Album: Load (1996)
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  • "Cure" is about the modern human condition as a whole. Cut loose from a clear sense of purpose or faith in something higher than the material world, we're all looking for our own release from the nagging voices in our heads. We are indeed looking for the cure, each of us in our own personal manifestations. That quest unfortunately leaves a lot of causalities who pick the wrong medicines.
  • This song is sort of like Moby Dick (the novel, not the Led Zeppelin song). Really, it is.

    Just as Herman Melville gave us enough to know that the whale in Moby Dick symbolizes something extraordinarily significant yet left things ambiguous enough that everyone can project their own interpretation, Metallica frontman James Hetfield paints a picture of disease in "Cure" but keeps it gray enough that we can all give a different take on it. It's the same lyrical tactic employed by artists like Bob Dylan, and some would even argue it's an essential quality of all good art - hook 'em with something heavy but leave enough room for their imaginations to fill in the rest.

    All that being said, "Cure" is generally not considered high art. It's mostly looked at as a pretty good song, if not totally forgettable throwaway album filler. That's not Songfacts' take, but rather the general consensus. In a retrospective piece concerning the Load album, for instance, Joseph Schafer of Decibel wrote, "The weakest parts of Load, songs like 'The Cure' and 'Thorn Within,' could be Danzig songs." Minus the Danzig part (Danzig fans would surely consider that a compliment), that pretty much sums up how "Cure" is viewed by Metallica fans. For non-Metallica fans, it basically doesn't exist.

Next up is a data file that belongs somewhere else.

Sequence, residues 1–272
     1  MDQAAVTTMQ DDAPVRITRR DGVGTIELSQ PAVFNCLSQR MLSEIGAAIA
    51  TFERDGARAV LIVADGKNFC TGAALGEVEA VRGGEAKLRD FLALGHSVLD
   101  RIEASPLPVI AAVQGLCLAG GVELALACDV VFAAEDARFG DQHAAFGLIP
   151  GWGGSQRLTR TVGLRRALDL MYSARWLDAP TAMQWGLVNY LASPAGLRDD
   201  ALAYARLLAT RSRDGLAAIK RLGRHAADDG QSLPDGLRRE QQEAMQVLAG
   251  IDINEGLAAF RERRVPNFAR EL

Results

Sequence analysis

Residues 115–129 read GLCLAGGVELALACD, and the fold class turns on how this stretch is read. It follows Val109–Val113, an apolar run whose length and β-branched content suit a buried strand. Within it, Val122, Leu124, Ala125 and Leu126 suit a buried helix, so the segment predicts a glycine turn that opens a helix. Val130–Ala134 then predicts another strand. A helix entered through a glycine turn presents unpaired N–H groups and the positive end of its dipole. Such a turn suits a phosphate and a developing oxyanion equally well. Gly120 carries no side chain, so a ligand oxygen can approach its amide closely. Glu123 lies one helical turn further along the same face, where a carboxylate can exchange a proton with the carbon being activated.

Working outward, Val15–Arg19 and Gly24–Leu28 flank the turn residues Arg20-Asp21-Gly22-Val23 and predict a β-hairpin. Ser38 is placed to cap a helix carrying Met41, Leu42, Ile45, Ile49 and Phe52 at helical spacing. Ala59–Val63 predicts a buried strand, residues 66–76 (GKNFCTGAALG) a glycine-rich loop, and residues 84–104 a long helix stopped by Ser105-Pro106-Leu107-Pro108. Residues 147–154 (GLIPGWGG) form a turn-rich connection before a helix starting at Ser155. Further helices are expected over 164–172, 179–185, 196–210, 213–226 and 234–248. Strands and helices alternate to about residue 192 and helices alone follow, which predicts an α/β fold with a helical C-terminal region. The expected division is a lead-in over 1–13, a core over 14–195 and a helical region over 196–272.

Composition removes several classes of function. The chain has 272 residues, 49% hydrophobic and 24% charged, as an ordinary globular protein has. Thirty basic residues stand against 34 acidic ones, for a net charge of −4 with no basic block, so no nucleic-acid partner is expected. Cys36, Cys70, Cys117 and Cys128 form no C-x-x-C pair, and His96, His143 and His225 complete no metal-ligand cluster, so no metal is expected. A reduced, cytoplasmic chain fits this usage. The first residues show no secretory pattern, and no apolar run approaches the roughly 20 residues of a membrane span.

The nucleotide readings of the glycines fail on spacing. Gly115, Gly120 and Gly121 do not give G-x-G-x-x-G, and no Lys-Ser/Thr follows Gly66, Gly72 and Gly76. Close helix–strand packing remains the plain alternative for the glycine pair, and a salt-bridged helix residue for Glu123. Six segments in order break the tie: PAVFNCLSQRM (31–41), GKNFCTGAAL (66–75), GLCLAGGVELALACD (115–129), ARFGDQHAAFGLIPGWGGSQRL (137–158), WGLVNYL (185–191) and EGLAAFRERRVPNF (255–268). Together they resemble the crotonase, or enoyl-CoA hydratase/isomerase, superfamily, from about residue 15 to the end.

The song's lyrics actually do offer up an interesting examination, however.

    "Cure" opens with a man who "takes another bullet." Here, the meaning seems to imply that the bullets are metaphors for drugs or booze ("he takes his medicine").

    He thinks the answer's cold and his hand
    He takes in his medicine
    The man takes another bullet
    He's been fooled again

    After this verse, though, things get hazier, and the substance-abuse angle seems too narrow a take.

    Besides the unnamed man, the one other character mentioned in the song is an unnamed woman.

    The lies tempt her and she follows
    Again she lets him in
    She must believe to fill the hollow
    She's been fooled again

    Here it's less certain that substance abuse is the problem. It seems to have something more to do with a person. Possibly she's one of those unfortunate women who are so desperate for love that they're willing to take in (consciously or unconsciously) an abusive man to fill that need. The rest of the song, though, grows even vaguer.

    Betting on the cure
    It must get better than this
    Betting on the cure
    Everyone's got to have the sickness
    'Cause everyone seems to need the cure
    Precious cure

    Addiction and abusive relationships may indeed be issues in this song, but neither seem to be the essential core. The song is more of a general observation that everyone feels something is missing in their lives and everyone is looking for some kind of external cure, whether that's drugs, love, money, video games, fame, or [insert your preferred stimulus here]. In that way, "Cure" links somewhat to another Load song, "King Nothing," which is obviously about this subject.
  • Metallica themselves seem to consider "Cure" to be unexceptional. It's one of four songs on Load that they've never played live. The others are "The House Jack Built," "Thorn Within," and "Ronnie."

Comments: 3

  • Zero from Nowhere, NjYeah, most likely alchohol. "He thinks the answer is cold and in his hand/he takes his medicine."
  • Jeremy from Lafayette, La I think it's about drugs. Because everyone starts out not "needing" it. They're just curios. And then they kind of find out later, that they have grown to need it.
  • Nick from Paramus, NjThis song was originally going to be called "Believe" because of the chorus.
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